“Practice isn’t the thing you do once you’re good. It’s the thing you do that makes you good.” – Malcolm Gladwell, Author, Thought Leader
Throughout this past year topics such burn-out, resilience and emotional intelligence have been grabbing the headlines and have been elevated to the top tier of the HR and leadership agenda as people and businesses continue to adapt to and cope with new working, organisational and social operating practices.
With many people feeling like they’ve been plunged into survival mode, it’s little wonder to see organisations respond by rolling out or reinforcing EAP and wellness strategies including programmes on mindfulness, meditation and emotional intelligence. However, in many instances, fundamental and sustainable change has failed to take hold.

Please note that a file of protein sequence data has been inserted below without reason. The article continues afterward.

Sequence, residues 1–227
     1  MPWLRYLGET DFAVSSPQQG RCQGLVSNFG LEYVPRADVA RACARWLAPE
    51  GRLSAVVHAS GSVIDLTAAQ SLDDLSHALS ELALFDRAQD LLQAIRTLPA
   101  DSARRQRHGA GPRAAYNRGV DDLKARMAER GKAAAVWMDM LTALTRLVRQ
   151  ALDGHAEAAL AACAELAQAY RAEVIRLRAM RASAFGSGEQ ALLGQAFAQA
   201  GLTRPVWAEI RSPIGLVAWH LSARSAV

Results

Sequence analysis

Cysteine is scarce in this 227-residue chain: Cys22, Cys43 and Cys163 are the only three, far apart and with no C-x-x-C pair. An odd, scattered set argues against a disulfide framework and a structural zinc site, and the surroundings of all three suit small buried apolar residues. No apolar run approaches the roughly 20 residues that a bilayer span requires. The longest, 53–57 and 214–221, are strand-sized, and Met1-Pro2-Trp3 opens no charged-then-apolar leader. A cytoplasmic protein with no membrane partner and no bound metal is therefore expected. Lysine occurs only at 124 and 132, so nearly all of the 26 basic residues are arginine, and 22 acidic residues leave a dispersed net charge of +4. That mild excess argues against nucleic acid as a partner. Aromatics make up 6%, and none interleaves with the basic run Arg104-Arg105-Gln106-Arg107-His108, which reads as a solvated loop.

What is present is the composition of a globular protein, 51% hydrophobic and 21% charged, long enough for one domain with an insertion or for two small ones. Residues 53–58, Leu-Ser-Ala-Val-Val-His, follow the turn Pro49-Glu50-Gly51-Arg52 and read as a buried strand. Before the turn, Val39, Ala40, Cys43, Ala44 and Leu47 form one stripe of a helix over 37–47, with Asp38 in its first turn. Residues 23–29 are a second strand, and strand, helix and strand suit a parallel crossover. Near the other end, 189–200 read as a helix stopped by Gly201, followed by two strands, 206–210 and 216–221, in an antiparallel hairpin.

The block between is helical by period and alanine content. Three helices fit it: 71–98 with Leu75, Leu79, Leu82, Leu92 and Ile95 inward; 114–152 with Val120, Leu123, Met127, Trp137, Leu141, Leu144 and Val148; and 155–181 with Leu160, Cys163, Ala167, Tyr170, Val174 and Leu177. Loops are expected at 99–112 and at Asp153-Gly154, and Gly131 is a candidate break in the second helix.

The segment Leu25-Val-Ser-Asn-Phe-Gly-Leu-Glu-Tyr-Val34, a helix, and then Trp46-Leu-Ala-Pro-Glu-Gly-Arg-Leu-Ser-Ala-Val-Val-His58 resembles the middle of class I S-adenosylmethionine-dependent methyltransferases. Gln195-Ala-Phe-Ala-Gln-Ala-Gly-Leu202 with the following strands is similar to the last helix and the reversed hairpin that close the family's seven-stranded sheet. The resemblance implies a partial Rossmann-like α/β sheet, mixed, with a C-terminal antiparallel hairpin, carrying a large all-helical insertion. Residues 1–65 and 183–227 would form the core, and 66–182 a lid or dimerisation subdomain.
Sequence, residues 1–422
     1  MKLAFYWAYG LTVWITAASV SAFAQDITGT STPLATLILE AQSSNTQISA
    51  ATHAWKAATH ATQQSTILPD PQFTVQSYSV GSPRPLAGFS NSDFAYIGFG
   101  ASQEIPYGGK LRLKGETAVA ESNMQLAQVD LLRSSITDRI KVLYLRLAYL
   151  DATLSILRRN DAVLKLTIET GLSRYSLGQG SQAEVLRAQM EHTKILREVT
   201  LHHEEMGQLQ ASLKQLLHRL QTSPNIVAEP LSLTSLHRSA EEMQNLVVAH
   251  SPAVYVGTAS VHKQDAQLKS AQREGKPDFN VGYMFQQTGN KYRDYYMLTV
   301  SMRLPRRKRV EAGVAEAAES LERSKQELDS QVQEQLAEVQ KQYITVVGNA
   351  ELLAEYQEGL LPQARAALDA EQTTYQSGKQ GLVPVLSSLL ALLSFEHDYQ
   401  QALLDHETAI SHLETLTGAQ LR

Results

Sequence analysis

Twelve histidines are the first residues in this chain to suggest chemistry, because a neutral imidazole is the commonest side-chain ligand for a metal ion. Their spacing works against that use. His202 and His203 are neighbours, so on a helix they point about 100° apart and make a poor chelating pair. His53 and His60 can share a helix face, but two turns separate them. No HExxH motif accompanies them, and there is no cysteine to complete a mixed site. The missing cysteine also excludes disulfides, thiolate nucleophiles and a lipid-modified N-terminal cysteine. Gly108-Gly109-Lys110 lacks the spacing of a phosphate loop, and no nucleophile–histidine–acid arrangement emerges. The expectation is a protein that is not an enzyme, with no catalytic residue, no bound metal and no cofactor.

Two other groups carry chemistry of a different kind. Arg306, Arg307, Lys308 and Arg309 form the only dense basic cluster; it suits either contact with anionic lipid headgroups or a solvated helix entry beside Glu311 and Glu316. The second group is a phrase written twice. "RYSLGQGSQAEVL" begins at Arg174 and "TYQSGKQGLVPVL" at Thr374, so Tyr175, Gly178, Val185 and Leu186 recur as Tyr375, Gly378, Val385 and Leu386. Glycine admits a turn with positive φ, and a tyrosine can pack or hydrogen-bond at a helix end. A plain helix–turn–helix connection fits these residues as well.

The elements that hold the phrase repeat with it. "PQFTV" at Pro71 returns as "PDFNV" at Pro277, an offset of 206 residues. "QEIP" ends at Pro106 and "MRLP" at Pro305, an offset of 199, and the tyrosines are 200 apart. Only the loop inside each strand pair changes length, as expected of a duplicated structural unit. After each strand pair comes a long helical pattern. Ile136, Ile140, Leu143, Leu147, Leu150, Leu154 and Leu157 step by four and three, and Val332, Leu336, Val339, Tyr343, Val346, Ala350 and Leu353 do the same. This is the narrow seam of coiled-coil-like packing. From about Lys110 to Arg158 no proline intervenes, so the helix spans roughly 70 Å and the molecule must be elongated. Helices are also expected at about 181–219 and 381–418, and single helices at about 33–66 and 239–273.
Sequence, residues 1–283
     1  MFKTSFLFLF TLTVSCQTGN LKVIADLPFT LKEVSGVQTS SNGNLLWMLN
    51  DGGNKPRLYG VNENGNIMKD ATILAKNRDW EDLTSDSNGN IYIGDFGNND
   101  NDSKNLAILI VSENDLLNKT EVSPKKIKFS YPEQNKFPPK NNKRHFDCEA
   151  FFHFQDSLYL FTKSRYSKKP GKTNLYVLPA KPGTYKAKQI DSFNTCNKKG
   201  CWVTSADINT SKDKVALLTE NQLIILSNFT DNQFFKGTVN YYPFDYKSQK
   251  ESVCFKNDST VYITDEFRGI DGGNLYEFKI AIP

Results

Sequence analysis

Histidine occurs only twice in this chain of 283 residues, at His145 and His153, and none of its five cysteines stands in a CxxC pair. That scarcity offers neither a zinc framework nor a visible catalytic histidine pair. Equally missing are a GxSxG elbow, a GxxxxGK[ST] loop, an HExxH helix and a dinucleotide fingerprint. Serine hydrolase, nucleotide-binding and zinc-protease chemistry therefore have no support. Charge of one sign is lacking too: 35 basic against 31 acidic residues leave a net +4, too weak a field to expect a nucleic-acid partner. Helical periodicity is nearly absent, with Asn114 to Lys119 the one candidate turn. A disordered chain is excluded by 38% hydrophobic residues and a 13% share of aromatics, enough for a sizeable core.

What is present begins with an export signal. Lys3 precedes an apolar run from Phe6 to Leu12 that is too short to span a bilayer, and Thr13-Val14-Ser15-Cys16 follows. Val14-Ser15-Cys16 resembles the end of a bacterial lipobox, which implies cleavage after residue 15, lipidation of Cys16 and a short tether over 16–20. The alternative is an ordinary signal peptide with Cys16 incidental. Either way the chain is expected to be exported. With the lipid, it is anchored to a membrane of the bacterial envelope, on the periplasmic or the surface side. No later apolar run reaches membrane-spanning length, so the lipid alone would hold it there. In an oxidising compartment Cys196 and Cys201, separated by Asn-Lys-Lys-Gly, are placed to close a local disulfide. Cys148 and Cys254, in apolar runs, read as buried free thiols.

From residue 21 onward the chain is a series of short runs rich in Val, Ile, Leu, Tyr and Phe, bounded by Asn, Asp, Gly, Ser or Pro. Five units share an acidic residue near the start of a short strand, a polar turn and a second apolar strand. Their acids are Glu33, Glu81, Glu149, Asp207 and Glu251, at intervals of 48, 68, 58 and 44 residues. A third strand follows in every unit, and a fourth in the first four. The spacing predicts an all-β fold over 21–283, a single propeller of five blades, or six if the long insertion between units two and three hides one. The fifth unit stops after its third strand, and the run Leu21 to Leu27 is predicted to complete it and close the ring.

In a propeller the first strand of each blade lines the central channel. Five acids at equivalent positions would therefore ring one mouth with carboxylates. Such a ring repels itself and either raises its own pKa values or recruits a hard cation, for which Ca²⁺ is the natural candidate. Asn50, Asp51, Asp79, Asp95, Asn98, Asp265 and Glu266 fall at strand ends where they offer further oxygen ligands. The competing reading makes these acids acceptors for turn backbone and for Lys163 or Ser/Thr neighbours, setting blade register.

Mental Fitness is a critical factor to success in a fast changing, complex world
Mental Fitness, a key driver of personal effectiveness, relates to our capacity to respond to life’s challenges with a positive rather than negative mindset. Building mental fitness supports wellness, performance and healthy relationships by working on and building three core mental muscles:
– Interceptor (relating to self-limiting and self-sabotaging thoughts)
– Sage (relating to perspective and mindset)
– Self-command (relating to the capability to direct one’s mind)
Just like going to the gym or for a bike ride, the building of mental muscles is a practice that, with intentional focus, can be developed and grown.
LURN is progressively introducing mental fitness to our coaching approach throughout 2021. Mental Fitness offers a language to better understand self-limiting and self-sabotaging thoughts & behaviours and provides an operating system to shift from self-limitation to self-actualisation and from surviving to thriving.
To learn more about mental fitness, reach out to me at the LURN Virtual Café Lesz@lifeLURN.com, +65 8522 7366
Our philosophy is based on lifelong learning:
un-learning redundant or restrictive things
re-learning skills and behaviours that are being overlooked and can be made useful again
nu-learning of skills, habits and behaviours